Spraybooth Logic
"Did you have fun?"

A few years back I got involved in doing some dog training for field events. Over the course of the years we had been to many field trials as spectators, we had been to dog shows (and yes the movie Best In Show is way closer to reality than you'd like to think) and then we got our first puppy that I wanted to train to run in competition events. She didn't start out that way, she was going to be a show dog until she grew to monstrous proportions and was too tall to show.

We found a trainer that was very helpful to us and proceeded to train our huntin' dawg. We trained and trained and finally got to the point where we could go to our first hunt test. She passed with little problem and after four tries and four passing scores we had our Junior Hunter title. However I still felt pretty unfulfilled. People were nice enough, but there was still something missing.

The following spring our trainer told us about something called a shoot to retrieve event (NSTRA for those interested out there). Basically you bring your pointing dogs and run against other pointing dogs and you get points for each bird that your dog finds. We went out that day as rank amateurs and found two birds. I managed to shoot both birds and my dog retrieved them. We didn't have great scores and ended up about 12 th out of 32 dogs.

The thing that struck me that day was something one of the judges said to me. As we were walking in after our thirty minute run he asked “Did you have fun?”. I said “well, yeah, we got a couple birds.” He replied, “No, that's not what I mean. Did you have fun?”

The question kind of stunned me. Fun at a competitive event? Hmm. What an odd concept. The question has kept me coming back to many events since that day. While we generally don't win or even place in the top 5, we still have a great time running and hanging out.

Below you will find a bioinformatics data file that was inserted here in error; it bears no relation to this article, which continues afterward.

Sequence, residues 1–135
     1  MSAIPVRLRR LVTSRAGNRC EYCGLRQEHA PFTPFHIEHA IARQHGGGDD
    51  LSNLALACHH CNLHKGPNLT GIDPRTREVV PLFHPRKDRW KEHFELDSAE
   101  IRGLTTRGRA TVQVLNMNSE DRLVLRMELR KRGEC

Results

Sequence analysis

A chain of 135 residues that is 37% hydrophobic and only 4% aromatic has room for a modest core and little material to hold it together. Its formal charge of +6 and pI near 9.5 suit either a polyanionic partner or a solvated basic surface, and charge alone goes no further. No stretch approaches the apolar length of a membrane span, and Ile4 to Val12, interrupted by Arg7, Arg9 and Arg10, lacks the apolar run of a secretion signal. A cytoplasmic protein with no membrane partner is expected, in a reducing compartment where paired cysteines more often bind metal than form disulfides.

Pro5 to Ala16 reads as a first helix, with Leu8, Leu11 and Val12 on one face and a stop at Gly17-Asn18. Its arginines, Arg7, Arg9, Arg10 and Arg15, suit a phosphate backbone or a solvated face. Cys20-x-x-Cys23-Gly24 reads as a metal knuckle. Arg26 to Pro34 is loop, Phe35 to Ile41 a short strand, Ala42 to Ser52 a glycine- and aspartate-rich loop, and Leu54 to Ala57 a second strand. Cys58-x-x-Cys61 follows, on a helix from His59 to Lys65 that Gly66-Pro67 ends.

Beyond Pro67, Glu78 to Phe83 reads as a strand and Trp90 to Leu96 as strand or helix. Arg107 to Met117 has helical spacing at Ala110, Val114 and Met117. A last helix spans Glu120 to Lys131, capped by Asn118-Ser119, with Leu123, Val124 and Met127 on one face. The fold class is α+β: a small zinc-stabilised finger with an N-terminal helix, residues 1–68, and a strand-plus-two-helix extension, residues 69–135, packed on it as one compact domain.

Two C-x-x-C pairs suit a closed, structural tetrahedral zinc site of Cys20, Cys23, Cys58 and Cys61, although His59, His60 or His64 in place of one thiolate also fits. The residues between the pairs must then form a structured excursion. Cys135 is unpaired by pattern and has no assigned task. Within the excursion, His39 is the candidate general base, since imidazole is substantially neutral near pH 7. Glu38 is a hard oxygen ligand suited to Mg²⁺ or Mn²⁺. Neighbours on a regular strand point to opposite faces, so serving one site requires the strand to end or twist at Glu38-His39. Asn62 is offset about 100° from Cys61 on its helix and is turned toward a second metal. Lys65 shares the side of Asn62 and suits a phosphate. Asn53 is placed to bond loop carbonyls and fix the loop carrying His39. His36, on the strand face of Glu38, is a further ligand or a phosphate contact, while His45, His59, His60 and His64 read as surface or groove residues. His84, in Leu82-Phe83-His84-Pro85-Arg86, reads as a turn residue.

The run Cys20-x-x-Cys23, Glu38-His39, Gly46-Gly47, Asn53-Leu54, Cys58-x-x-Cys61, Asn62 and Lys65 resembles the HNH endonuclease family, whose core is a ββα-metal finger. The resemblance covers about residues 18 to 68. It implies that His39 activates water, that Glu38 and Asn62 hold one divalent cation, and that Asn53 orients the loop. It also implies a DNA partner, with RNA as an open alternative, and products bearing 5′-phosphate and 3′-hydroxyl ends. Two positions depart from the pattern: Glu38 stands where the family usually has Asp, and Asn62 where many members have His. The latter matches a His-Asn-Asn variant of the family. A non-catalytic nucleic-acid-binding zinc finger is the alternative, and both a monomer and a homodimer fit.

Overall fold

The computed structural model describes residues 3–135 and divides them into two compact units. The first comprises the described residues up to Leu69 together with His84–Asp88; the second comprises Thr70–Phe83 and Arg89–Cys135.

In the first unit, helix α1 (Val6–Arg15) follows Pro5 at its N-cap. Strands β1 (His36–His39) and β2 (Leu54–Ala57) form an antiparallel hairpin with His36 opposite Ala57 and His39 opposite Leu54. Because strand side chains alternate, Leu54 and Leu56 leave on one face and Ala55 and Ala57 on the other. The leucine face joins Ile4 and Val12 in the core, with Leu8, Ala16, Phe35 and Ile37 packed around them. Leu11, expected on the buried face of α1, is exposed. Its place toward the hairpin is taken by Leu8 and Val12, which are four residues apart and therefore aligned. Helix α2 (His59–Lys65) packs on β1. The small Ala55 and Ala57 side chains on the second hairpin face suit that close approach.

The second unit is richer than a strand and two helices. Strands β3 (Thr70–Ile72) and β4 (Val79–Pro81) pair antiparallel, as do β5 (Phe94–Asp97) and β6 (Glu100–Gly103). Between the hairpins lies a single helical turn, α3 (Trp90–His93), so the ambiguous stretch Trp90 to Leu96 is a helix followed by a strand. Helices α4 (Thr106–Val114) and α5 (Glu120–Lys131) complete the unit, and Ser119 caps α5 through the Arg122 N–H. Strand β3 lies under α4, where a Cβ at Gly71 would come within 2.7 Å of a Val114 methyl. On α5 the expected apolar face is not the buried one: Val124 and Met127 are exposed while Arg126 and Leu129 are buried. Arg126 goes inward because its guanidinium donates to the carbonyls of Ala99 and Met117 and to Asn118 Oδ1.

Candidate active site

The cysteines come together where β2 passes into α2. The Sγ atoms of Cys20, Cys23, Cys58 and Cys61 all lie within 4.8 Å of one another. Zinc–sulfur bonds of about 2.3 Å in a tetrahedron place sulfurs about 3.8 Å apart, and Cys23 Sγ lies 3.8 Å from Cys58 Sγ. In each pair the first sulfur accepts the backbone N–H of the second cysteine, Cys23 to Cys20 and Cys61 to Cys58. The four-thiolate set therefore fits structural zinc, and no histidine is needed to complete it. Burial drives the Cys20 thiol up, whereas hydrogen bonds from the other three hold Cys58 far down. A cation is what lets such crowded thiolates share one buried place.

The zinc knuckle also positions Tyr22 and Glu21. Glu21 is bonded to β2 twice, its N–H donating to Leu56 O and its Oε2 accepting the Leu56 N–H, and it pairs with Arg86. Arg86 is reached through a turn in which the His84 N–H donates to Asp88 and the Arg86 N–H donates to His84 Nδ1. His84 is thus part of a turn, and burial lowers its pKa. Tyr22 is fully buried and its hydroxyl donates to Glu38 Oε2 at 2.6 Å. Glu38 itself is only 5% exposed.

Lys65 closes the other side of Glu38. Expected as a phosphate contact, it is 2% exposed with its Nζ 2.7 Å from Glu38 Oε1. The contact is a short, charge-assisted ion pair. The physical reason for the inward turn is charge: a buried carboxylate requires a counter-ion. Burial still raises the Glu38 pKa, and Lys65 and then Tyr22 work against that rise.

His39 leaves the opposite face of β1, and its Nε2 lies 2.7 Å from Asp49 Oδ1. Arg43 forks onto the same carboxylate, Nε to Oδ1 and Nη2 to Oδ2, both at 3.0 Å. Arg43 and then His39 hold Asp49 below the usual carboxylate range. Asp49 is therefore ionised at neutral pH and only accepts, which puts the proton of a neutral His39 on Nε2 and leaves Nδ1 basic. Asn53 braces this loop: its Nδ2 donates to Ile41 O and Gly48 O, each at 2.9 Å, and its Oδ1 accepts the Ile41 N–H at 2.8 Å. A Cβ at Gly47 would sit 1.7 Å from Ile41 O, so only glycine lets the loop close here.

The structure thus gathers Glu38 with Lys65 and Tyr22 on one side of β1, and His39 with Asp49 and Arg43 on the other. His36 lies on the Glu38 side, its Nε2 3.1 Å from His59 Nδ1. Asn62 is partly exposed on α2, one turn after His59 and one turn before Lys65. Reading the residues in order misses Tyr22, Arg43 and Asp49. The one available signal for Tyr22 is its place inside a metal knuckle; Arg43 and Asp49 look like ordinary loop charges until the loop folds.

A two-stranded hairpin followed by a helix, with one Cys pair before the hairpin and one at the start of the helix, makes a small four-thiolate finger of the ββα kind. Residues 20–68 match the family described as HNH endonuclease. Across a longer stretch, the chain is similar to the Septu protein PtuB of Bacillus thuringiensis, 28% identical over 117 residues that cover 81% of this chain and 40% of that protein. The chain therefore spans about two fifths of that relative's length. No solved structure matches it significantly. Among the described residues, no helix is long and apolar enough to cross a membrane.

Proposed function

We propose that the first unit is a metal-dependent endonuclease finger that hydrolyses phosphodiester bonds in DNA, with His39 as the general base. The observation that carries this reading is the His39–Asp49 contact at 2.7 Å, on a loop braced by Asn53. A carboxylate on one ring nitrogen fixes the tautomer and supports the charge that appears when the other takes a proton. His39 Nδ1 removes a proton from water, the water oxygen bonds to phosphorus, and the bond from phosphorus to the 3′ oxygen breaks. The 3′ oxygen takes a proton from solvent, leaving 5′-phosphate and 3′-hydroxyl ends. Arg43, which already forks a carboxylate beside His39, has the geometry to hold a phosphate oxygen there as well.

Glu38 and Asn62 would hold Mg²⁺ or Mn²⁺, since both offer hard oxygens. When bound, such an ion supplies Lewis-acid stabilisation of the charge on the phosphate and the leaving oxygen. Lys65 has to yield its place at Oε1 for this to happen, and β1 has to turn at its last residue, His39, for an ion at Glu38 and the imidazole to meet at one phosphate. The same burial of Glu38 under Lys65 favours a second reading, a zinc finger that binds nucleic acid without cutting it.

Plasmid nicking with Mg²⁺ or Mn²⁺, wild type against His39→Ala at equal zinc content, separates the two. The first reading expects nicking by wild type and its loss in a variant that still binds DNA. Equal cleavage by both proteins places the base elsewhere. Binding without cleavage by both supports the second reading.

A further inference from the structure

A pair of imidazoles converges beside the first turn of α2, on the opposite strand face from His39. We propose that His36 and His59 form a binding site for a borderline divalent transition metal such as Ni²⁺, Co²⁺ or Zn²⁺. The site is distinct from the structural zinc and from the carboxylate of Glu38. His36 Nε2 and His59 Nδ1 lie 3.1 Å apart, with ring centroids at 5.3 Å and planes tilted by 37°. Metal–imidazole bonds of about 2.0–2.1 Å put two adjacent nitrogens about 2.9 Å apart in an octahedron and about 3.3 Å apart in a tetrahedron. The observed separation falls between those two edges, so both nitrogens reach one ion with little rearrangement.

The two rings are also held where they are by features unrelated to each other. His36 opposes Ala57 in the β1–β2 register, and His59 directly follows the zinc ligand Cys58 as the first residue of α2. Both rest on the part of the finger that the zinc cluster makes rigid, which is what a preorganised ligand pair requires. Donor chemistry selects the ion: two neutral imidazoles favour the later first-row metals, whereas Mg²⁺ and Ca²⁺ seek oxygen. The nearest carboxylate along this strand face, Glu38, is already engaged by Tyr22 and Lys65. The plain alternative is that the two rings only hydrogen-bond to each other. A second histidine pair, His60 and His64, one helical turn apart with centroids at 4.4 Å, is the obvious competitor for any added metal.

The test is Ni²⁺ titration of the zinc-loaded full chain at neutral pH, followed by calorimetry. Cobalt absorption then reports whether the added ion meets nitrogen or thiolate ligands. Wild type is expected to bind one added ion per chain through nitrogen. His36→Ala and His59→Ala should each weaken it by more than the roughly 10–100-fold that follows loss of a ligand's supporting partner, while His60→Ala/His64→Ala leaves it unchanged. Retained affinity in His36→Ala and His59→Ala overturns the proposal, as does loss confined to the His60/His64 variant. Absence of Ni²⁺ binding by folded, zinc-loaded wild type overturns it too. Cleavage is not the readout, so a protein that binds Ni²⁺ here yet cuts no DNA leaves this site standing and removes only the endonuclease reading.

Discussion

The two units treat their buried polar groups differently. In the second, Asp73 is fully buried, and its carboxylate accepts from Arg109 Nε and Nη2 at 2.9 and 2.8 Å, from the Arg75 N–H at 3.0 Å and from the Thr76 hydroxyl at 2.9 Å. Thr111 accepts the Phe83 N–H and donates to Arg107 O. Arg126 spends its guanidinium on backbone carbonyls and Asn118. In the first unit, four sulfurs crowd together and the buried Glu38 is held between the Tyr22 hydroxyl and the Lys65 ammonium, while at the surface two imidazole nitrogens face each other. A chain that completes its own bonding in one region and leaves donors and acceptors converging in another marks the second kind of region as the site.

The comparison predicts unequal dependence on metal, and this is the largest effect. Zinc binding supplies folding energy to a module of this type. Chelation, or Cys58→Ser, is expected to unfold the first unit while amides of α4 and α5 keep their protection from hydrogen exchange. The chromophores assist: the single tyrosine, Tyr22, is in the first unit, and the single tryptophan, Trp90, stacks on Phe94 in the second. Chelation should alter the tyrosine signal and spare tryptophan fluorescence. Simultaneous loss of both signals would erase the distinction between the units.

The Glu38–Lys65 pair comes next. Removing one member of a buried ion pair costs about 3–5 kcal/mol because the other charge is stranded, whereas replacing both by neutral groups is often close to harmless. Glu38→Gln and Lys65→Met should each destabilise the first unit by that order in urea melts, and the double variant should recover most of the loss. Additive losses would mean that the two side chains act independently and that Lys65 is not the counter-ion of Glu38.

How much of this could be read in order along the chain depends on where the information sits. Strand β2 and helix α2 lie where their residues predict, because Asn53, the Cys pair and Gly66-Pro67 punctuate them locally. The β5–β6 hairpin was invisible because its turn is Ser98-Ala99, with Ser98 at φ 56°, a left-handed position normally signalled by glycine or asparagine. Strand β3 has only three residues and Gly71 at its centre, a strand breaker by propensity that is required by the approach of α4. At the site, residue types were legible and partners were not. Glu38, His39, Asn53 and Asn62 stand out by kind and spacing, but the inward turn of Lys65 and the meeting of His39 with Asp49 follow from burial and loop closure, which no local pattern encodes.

As I sat down to write this months column fresh off another shoot to retrieve, my mind flashed back again to that day. It also really got me to thinking about how I approach modeling. Rarely do I find myself asking anyone if they “had fun” building the kit they brought to show and tell. Rarely does anyone ask me anything but “Is it accurate?” or “How did it go together?” or better yet “Didn't that kit just suck?”. Once again, hmm.

How many people do we push away from the hobby by not being a bit more supportive? How many people just see us as “model nazis” or the “color police” and why shouldn't they, it's all we talk about. We don't talk about the fun we had breaking sprue or the night of model building that we got to have when the family was out of the house.

Nope, our conversations are about shades of color, the fit of parts and the millimeters of inaccuracy that may drive an alcoholic back to the bottle. We talk indignantly about how Tamiya “got it wrong” and how could Hasegawa screw up a Spitfire and leave it a few millimeters short.

We've become obsessed with the wrong part of the hobby, the nitpicking and rush to be the first to find something wrong with a kit. We are not obsessed with the fun and enjoyment that we should be getting. After all, isn't that what having a hobby is all about? Fun?

Now, shut up and go have some fun building something!